The field station commander was a man of unparalleled experience in this hostile environment, and he was confident that the brevet cadet would be emboldened by wearing a pith helmet, and that his whimpers would soon be a thing of the past. It pained him, then, when, six days later, he received a message by pneumatic funnel from the next field station along the line that the puny volunteer had tottered into the hut sobbing and wailing and quivering and generally lacking in resolution, bravery, and grit. The commander of the second field station bid him lie in a hammock and cranked up a gramophone player, hoping to increase his gusto by having the brevet cadet listen to stirring tunes played by the finest brass bands and dance orchestras. One recording in particular that was likely to do the trick was Enrico Pepinger’s version of “Hurrah Boys, Let Us March With Sprightly Tread Through Wild Lands Where We Fear Not The Buffets Of Those Who Would Cause Us Harm”.

After taking a nap and downing a canteen of hot Burmese Lunchtime tea, the volunteer was sent off on the next part of his perilous mission, enjoined by the second field commander to fear no buffets. But buffets came soon, for the brevet cadet now headed into territory more dangerous still. Here were huge plants oozing poison, earth tremors, the roaring and howling of unimaginably terrible monsters, magnetic anomalies, and many another sort of sight and sound and phenomenon that had the poor puny cadet piddling in his pantaloons.

By the time he reached the third field station, nine days later, he was feverish, shivering and shaking uncontrollably, half blind with terror, and calling out weakly for his Mama. He slumped against the door of the field station hut and begged for death to end his misery. And then, out of the hut came, not Death, but heroic adventuress Tiny Enid, who had flown in on her biplane just minutes before. She plucked the weedy cadet up and shoved him into the hut, where she poured four canteens of piping hot Batavian Twilight tea down his gob, wrenched off his standard issue dangerous mission footwear, and presented him with a pair of gumboots.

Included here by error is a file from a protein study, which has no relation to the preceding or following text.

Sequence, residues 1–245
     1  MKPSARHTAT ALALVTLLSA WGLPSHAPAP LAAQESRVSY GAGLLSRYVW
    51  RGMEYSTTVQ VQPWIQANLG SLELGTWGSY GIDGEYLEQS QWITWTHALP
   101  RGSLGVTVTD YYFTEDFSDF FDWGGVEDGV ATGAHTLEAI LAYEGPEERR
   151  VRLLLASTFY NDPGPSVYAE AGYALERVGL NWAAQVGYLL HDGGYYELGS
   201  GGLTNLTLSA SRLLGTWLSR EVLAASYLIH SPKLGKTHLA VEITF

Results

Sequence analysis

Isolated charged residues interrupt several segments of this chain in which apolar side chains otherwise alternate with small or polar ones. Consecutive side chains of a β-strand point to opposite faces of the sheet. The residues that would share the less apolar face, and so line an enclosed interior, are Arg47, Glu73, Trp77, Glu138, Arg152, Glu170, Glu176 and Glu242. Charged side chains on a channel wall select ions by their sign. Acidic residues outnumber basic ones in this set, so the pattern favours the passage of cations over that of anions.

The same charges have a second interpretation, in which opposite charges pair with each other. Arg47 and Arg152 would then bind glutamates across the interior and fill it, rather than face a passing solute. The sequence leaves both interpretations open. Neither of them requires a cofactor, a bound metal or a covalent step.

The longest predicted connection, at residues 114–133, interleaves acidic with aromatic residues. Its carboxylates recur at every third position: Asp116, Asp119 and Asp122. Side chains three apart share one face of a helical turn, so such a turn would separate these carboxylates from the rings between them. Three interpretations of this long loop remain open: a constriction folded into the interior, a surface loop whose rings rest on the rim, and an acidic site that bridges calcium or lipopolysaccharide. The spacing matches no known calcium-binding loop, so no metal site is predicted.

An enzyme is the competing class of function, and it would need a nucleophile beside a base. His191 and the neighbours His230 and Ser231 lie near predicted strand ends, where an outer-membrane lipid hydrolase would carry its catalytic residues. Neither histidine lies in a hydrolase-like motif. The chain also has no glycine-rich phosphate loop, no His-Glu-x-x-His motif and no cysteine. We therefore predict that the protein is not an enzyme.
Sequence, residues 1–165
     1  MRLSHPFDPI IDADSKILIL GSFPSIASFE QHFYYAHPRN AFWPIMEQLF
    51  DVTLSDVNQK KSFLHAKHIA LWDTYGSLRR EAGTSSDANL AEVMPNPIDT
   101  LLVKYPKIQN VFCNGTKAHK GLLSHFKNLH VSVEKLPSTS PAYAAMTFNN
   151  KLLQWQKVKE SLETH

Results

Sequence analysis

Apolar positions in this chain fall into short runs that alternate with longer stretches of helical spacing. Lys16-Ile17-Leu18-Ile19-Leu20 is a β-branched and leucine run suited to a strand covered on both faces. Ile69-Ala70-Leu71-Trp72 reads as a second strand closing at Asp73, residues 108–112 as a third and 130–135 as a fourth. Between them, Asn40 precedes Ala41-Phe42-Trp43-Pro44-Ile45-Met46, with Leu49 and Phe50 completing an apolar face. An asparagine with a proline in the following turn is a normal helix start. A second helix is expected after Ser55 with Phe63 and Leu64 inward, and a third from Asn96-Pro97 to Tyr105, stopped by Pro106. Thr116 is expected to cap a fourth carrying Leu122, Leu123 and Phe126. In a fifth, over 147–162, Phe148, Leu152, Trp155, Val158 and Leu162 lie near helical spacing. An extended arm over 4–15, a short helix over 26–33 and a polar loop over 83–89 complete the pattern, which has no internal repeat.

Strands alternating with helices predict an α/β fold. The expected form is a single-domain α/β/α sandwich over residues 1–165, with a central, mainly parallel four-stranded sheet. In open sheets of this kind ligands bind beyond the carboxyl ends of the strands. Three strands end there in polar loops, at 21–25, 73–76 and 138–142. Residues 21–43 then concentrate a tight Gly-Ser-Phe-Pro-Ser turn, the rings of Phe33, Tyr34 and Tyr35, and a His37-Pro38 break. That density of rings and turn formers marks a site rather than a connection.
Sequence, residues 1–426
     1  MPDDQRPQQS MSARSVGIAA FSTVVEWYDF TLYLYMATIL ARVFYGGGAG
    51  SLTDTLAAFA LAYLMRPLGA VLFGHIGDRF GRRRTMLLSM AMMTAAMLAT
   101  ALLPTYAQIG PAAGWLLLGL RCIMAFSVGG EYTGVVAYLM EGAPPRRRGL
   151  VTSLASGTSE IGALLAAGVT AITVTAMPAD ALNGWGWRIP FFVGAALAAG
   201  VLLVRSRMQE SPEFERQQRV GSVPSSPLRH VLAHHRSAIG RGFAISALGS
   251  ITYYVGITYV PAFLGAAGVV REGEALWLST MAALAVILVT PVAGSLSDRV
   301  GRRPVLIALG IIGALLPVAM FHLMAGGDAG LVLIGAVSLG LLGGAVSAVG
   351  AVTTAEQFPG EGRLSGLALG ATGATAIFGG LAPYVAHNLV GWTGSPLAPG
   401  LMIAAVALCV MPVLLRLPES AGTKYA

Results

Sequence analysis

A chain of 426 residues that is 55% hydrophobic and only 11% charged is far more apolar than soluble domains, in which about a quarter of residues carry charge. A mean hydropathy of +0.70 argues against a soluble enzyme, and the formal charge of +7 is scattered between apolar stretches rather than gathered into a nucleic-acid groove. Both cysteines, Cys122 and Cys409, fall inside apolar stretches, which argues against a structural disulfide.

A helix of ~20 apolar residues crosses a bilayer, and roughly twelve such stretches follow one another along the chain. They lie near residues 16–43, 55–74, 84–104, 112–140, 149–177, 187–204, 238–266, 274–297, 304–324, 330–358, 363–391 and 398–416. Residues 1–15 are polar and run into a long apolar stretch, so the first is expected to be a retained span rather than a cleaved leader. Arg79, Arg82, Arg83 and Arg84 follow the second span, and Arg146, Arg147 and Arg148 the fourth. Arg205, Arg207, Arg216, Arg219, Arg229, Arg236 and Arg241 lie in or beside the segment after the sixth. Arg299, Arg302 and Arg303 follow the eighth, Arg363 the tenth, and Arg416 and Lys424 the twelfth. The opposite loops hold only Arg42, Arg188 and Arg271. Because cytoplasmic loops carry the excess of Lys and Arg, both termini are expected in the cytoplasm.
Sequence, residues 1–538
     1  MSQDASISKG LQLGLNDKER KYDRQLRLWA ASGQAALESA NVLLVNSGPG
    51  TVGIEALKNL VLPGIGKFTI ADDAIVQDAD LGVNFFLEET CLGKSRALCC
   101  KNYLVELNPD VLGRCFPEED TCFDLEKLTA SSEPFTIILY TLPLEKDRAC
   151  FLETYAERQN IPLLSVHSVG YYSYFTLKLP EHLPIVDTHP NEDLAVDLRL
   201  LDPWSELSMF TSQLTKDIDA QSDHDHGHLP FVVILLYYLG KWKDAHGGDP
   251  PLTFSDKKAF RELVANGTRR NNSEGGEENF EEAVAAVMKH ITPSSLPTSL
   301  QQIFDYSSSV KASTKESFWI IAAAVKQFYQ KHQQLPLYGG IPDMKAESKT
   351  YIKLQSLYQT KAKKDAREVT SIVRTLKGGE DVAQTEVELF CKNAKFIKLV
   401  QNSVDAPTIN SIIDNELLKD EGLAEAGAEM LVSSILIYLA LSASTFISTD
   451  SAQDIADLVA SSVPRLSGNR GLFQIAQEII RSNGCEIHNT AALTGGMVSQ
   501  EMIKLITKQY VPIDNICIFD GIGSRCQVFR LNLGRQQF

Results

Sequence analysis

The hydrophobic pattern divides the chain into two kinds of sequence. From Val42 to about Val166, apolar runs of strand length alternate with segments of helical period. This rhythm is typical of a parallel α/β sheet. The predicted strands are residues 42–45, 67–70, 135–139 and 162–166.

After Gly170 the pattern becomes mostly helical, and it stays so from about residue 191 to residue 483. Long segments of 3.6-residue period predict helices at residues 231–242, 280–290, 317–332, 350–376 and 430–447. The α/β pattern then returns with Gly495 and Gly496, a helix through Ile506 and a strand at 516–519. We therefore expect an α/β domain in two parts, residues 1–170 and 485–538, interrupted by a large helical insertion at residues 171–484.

“Listen, puny cadet,” she said, not unkindly, “You have volunteered for this dangerous mission, and you will succeed! By wearing these gumboots, you will be emboldened, and one day you will return to HQ as a hero, a credit to your trooplet. Off you go!”

And so stirred was the brevet cadet by these words, and by the emboldenment he felt as he slipped his feet into the gumboots, that he strode off into even more hideous terrain, brave and strong and wholly free of fear, no longer with even a trace of weediness about his puny frame. And every word spoken by Tiny Enid was true, for six years later he came thundering back to HQ astride a huge rhinoceros, a pipe clamped between his teeth and a jut to his jaw, and the golden key to the secret fortress of the mysterious Adepts of the hidden tower of the invisible goat deity tucked in his saddlebag, and they festooned him with flowers and blew upon trumpets and pinned medals upon him and he was shipped homeward in great luxury, and was famed forever after as the no longer weedy volunteer brevet cadet.

Tiny Enid Takes A Nap

Tiny Enid knew how vitally important it is to take an afternoon nap. Because she was so often engaged in thrilling adventures, which usually involved kicking someone’s head in, she did not always find it easy to lull herself to sleep. As this rare picture shows, she was as resourceful a girl when it came to naps as she was when bashing up Prince Fulgencio’s evil henchmen.


Suspension Chloriforeene from the State Library of Victoria, via Boynton


Tremendous Potato Urgency

One morning Tiny Enid awoke from uneasy dreams with a sense of tremendous urgency related to potatoes. She was based in Winnipeg at the time, and had taken a room in a motel of undoubted seediness. “I could not pinpoint the reasons for my sense of breathless urgency on that grim March morning,” she wrote, many years later, in her Memoirs, “All I knew was that potatoes had something to do with it.”